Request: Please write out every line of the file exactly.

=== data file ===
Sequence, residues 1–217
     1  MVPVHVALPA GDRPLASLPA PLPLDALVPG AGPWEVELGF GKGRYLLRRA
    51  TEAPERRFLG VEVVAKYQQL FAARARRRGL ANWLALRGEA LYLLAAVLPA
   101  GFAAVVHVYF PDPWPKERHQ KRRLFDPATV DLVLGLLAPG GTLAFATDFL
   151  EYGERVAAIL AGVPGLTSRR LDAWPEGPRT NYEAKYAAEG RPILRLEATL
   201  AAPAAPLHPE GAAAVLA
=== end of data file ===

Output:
Sequence, residues 1–217
     1  MVPVHVALPA GDRPLASLPA PLPLDALVPG AGPWEVELGF GKGRYLLRRA
    51  TEAPERRFLG VEVVAKYQQL FAARARRRGL ANWLALRGEA LYLLAAVLPA
   101  GFAAVVHVYF PDPWPKERHQ KRRLFDPATV DLVLGLLAPG GTLAFATDFL
   151  EYGERVAAIL AGVPGLTSRR LDAWPEGPRT NYEAKYAAEG RPILRLEATL
   201  AAPAAPLHPE GAAAVLA